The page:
• demonstrate your industry expertise and experience 
  • establish your position of Thought Leadership
  • gain insight into what your competitors are doing
  • generate more business online

The last decade has seen a transformation of the entire industry. Transactions and dealings are now global, the world has become smaller, and interactions take place at a faster rate. All this is due to the emergence of the internet, especially in terms of networking and online marketing for law firms. Fortunately, there are always ways for every law practitioner to grow their business. A professional legal coach would always advise and support you, not only in building your social media strategy but in creating breakthrough results for your online legal business.  

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Top 6 challenges of becoming a lawyer today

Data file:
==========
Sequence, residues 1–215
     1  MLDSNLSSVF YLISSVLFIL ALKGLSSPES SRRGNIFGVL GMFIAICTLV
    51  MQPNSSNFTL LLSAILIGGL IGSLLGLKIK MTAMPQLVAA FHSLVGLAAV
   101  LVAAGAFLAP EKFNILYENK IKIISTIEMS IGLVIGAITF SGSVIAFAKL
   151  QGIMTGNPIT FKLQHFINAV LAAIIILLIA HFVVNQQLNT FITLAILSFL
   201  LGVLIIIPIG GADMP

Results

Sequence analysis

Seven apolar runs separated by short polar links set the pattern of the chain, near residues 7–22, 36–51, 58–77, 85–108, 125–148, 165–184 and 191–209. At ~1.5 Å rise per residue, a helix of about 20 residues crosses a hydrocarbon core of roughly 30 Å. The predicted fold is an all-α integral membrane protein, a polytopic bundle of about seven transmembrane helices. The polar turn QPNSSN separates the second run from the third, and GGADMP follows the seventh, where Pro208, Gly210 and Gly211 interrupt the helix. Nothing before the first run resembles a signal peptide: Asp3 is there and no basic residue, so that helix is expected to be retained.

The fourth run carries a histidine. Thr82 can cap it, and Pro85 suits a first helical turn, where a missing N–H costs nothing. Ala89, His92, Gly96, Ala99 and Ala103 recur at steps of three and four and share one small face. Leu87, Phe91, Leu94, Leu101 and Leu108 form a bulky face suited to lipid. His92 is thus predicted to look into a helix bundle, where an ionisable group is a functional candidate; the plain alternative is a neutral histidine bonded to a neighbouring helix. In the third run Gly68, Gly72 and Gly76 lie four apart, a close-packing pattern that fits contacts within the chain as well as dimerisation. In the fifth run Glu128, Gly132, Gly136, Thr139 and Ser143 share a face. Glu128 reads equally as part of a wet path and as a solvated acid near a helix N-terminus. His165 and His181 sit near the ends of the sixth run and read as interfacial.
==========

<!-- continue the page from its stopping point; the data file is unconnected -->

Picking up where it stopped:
Top 6 challenges of becoming a lawyer today

A career as a lawyer is one of the most sought-after professions and there are indeed many rewards if you pursue one. But working as an attorney has some drawbacks as well. It’s not all exciting courtroom drama, news conferences, and grateful clients. 

The legal profession is a competitive one. It always has been, but these days—with rapid changes in the way we practice law—it seems to be even more so. Despite all its rewarding aspects, the work itself requires incredible intellect and resourcefulness. 

So, what are the major challenges facing lawyers today? And what can lawyers do to overcome them?

The challenges

The Long Hours